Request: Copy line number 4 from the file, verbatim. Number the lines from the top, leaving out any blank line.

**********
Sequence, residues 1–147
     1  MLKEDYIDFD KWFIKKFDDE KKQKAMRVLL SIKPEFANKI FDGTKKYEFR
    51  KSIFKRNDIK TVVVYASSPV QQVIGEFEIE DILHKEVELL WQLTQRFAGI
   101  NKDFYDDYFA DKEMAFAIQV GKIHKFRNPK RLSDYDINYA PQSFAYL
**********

   101  NKDFYDDYFA DKEMAFAIQV GKIHKFRNPK RLSDYDINYA PQSFAYL